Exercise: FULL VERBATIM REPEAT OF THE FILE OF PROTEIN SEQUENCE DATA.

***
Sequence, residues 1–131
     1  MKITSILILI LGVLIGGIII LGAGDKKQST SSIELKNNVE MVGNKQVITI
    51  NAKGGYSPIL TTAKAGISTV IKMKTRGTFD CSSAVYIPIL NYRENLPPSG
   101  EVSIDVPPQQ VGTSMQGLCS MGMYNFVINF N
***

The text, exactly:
Sequence, residues 1–131
     1  MKITSILILI LGVLIGGIII LGAGDKKQST SSIELKNNVE MVGNKQVITI
    51  NAKGGYSPIL TTAKAGISTV IKMKTRGTFD CSSAVYIPIL NYRENLPPSG
   101  EVSIDVPPQQ VGTSMQGLCS MGMYNFVINF N